Scholars caution against judging credibility over video calls in immigration hearings.
When applying for asylum in the United States, immigrants typically have a single chance to prove the credibility of their claims in a hearing before an immigration judge. This hearing may be over Zoom or in person, where a judge assesses an applicant’s body language, such as eye contact and fidgeting, as signs of their credibility.
In a recent article, Liz Bradley of the University of Pennsylvania Carey Law School and Hillary Farber of the University of Massachusetts Law School, argue that such “credibility determinations” based on applicant demeanor are unreliable and fundamentally unfair— an issue exacerbated by the prevalence of video hearings.
Bradley and Farber explain that, to receive asylum, immigrants must prove that they have a well-founded fear of experiencing future persecution if they return to their country of origin. Their fear needs to be subjectively genuine, meaning a judge must view them as credible. Often, immigrants lack direct evidence of their past persecution to corroborate their stories, making the believability of their word essential.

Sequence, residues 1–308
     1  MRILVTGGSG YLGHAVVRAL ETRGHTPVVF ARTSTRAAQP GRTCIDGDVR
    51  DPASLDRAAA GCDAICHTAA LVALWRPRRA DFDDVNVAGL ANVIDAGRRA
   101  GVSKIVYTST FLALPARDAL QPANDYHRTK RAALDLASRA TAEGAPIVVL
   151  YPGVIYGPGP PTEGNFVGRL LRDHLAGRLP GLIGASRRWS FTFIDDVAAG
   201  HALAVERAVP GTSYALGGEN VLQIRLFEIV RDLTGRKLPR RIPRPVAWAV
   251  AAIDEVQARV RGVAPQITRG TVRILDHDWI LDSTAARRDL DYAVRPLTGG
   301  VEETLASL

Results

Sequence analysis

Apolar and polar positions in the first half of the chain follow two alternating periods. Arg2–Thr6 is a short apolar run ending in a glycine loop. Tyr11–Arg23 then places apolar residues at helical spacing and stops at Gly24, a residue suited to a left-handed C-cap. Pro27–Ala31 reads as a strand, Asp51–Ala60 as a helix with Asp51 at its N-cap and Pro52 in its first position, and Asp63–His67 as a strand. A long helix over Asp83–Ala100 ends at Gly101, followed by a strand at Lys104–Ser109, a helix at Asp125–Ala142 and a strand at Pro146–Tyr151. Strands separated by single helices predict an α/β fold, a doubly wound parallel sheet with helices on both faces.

Negative credibility findings can lead to denial of asylum and in some cases, life or death consequences for an applicant. Judges, however, are not equipped to evaluate truthfulness based on observed behaviors, Bradley and Farber argue. They note the average person can only decipher truth from lies based on behavioral indications with 54 percent accuracy— a figure which they claim can extend to judges in some cases.
And even in the absence of video hearings, credibility determinations contain implicit biases, including racial and ethnic biases, that lead judges to interpret ambiguous interactions with people of color negatively, Bradley and Farber state.
Bradley and Farber further explain that trauma — present in many of these cases —can cause flattened affect or memory deficits, which judges misinterpret as dishonesty. Language interpreters, which are required in 92 percent of immigration cases, can further distort a judges perception of credibility by misrepresenting an applicant’s tone and omitting their verbal cues.